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Electromyography (EMG) is the study of motor unit and muscle fibre electrical activity. They can be studied individually or collectively. EMG evaluates the electrical activity at rest, and during voluntary muscle contraction.[1]

The EMG is usually done alongside nerve conduction studies (NCS). A needle electrode is inserted into the muscle of interest, stimulated, and then the action potentials generated by groups of muscle fibres are recorded. The muscle fibres being stimulated are the motor unit potentials (MUPs). The muscle is tested at rest, with slight contraction, and with stronger contraction. In normal situations the muscle is silent at rest. Spontaneous action potentials from single-muscle fibres (fibrillation potentials) may occur in severe or inflammatory myopathies, and in an active neuropathic process. Spontaneous contractions of a single-motor unit (fasciculation potentials) may be observable in certain neuropathic processes such as motor neuron disease and diseases of the proximal root.[1]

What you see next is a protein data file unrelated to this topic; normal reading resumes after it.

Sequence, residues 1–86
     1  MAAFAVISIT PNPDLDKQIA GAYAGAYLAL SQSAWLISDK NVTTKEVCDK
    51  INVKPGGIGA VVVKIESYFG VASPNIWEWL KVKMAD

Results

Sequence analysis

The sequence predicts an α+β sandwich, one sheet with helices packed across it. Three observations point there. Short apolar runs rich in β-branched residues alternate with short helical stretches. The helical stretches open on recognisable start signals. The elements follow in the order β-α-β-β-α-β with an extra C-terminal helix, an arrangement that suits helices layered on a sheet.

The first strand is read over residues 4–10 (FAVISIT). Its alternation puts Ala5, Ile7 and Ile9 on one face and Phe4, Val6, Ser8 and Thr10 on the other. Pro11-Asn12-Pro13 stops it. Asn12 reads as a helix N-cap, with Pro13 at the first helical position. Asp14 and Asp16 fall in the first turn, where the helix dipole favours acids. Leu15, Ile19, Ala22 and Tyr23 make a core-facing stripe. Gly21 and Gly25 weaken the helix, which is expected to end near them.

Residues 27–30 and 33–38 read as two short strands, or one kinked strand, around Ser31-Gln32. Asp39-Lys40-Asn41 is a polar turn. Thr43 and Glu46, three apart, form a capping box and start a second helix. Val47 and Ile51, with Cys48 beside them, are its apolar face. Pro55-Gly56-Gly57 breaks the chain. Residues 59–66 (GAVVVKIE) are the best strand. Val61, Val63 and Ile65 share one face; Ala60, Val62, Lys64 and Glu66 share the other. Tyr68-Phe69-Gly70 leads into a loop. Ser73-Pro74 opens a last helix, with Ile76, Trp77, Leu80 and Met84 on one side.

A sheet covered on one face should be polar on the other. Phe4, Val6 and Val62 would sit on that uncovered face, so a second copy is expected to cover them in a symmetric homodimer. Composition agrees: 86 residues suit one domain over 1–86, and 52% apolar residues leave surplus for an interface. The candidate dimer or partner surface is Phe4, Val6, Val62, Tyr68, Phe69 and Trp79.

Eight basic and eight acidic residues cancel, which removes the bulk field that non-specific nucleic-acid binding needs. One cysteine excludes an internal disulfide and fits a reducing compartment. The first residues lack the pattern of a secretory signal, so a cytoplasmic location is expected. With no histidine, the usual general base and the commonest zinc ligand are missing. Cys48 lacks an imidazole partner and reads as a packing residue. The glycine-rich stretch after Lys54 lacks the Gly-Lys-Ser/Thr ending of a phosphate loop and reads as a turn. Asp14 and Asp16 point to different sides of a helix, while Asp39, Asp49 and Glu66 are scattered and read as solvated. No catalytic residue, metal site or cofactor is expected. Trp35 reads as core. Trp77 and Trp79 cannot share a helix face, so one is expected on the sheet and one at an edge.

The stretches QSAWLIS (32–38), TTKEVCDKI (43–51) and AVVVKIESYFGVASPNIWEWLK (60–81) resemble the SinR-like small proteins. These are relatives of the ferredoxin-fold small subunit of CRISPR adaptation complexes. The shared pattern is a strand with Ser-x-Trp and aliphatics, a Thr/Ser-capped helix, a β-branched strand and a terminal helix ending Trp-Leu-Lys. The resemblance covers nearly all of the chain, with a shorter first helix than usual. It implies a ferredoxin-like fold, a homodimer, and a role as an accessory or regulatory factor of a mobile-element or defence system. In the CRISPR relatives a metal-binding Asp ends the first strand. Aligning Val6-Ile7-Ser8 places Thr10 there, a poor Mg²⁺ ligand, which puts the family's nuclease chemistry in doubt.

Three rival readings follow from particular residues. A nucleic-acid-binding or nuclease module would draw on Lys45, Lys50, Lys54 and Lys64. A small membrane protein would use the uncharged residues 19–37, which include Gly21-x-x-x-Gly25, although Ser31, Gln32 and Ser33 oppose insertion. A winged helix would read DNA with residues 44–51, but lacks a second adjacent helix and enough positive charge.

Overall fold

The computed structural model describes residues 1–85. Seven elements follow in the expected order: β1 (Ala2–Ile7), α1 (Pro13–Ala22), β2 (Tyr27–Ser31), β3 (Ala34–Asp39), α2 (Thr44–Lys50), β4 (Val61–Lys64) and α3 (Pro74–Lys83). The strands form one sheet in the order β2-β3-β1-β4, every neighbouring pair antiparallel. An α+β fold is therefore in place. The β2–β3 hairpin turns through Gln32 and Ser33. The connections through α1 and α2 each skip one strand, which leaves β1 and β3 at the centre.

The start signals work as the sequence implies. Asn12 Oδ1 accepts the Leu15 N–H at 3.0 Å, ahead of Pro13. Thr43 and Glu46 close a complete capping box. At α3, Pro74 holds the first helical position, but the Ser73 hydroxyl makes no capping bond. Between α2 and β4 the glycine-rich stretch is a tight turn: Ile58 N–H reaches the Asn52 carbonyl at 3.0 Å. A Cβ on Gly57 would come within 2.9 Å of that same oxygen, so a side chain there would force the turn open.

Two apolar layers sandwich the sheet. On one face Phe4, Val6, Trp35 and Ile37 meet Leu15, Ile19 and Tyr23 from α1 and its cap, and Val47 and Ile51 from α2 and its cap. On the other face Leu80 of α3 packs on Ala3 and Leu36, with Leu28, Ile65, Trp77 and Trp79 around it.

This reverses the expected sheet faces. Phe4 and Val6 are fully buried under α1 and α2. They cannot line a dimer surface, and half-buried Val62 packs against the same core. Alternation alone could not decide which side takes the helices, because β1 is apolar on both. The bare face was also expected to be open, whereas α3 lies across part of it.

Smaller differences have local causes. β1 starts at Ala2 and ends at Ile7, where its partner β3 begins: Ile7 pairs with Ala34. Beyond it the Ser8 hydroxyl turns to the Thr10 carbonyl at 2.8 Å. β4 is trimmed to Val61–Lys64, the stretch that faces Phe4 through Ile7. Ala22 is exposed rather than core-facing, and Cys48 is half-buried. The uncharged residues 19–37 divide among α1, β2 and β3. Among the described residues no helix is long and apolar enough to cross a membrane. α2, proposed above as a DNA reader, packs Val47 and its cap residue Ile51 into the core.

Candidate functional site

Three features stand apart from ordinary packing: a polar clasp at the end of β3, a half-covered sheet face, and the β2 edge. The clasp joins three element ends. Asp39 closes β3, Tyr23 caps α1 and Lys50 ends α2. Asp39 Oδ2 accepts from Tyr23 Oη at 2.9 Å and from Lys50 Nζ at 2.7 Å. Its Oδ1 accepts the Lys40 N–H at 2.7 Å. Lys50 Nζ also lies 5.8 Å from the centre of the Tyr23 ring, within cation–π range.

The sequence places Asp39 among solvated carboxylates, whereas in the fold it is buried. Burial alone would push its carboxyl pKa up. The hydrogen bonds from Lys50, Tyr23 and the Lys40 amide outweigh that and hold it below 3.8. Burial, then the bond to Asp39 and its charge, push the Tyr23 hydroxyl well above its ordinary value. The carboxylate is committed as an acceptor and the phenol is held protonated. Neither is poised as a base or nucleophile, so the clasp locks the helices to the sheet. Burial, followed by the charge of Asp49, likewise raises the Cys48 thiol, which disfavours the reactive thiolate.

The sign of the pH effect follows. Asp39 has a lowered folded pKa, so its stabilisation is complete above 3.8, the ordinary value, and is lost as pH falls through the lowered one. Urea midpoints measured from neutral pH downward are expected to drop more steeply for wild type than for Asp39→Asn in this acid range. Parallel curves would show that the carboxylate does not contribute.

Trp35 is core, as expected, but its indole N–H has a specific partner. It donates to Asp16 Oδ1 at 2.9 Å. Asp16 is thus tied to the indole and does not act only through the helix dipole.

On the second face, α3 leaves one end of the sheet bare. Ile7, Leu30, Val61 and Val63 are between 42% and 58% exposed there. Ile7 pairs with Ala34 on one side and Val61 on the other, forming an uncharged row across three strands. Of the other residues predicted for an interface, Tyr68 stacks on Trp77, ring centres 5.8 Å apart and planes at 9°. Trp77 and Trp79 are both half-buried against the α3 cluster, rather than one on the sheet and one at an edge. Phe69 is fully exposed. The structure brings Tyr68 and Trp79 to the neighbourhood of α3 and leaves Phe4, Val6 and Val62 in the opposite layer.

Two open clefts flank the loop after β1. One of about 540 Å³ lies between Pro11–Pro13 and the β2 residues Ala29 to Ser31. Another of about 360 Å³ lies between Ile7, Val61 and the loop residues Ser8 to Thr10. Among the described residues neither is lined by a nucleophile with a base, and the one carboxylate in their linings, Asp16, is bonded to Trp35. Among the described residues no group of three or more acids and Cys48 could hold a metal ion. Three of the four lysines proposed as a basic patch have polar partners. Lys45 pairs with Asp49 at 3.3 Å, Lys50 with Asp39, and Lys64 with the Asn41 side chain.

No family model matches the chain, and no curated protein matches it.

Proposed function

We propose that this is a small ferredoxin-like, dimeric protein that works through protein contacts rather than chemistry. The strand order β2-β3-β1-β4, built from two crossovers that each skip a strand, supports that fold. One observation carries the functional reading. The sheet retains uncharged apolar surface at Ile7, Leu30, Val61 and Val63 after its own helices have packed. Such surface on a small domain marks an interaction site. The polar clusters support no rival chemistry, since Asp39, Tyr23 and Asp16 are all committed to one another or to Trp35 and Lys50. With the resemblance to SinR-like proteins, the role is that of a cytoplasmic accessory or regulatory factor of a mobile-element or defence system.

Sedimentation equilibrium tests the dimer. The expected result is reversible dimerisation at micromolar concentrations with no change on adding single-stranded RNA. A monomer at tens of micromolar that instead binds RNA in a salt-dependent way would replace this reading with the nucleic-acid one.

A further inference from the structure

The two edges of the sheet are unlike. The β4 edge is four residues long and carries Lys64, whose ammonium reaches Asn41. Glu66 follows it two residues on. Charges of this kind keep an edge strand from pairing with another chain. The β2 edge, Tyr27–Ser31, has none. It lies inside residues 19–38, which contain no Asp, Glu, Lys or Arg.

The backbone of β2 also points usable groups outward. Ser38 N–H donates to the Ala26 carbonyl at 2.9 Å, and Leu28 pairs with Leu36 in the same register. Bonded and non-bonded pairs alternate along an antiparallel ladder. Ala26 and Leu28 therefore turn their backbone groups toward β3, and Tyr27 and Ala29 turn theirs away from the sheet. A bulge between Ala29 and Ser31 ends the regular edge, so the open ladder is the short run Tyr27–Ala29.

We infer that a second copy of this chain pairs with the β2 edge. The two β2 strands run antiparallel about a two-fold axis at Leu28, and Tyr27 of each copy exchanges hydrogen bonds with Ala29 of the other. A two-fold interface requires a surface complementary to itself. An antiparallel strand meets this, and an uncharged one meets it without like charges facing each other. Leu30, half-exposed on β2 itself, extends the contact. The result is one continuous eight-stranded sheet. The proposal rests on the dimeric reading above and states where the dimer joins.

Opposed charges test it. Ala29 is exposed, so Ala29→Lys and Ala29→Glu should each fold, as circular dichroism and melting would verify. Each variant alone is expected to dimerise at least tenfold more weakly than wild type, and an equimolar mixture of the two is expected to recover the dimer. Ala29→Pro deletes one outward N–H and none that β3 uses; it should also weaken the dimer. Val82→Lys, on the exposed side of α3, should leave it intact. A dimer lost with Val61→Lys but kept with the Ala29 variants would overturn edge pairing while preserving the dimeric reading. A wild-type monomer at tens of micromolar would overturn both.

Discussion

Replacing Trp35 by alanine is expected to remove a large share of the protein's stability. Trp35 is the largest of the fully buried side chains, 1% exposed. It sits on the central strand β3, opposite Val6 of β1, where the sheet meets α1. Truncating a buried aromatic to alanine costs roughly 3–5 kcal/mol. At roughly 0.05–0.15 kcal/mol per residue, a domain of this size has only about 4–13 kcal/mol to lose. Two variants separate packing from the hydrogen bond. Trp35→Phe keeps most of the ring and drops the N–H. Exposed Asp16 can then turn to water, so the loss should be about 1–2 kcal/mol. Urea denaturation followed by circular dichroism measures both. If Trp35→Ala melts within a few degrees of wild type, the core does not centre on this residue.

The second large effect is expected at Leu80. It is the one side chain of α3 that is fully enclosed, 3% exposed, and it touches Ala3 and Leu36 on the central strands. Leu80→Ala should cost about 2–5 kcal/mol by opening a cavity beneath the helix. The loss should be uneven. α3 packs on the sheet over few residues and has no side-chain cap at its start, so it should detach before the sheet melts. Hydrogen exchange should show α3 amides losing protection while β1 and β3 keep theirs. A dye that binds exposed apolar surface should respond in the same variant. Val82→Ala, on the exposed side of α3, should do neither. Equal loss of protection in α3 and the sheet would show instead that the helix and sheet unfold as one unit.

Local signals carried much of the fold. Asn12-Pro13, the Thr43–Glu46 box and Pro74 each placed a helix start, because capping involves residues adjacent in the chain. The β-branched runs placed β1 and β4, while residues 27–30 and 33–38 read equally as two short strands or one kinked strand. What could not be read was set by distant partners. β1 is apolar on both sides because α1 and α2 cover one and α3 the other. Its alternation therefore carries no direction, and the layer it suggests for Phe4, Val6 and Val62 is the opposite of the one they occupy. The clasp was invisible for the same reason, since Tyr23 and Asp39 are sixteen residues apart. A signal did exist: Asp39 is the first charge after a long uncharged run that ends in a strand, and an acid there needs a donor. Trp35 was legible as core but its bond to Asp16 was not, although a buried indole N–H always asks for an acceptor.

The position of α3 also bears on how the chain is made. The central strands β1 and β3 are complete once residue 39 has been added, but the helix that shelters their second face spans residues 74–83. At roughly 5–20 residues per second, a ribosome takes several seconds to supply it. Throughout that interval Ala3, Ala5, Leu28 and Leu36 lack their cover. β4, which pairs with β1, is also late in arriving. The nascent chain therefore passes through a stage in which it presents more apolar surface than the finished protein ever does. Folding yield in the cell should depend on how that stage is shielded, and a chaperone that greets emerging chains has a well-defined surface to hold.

There may be changes in MUP parameters in neurogenic or myopathic processes. In neurogenic processes, the MUPs are often increased in amplitude, duration, and degree of polyphasia with reduced fibre recruitment with increase in effort. In myopathic processes, the MUPs may be decreased in amplitude, decreased in duration, and increased in polyphasia and early recruitment.[1]

Single-fibre EMG is possible which studies single-muscle fibre action potentially. This is used to evaluate neuromuscular junction function, but it can also be abnormal in neuropathic and myopathic disease.[1]

See Also

Nerve Conduction Studies


  1. โ†‘ 1.0 1.1 1.2 1.3 Biller, Josรฉ. Practical neurology. Philadelphia: Wolters Kluwer, 2017.

Literature Review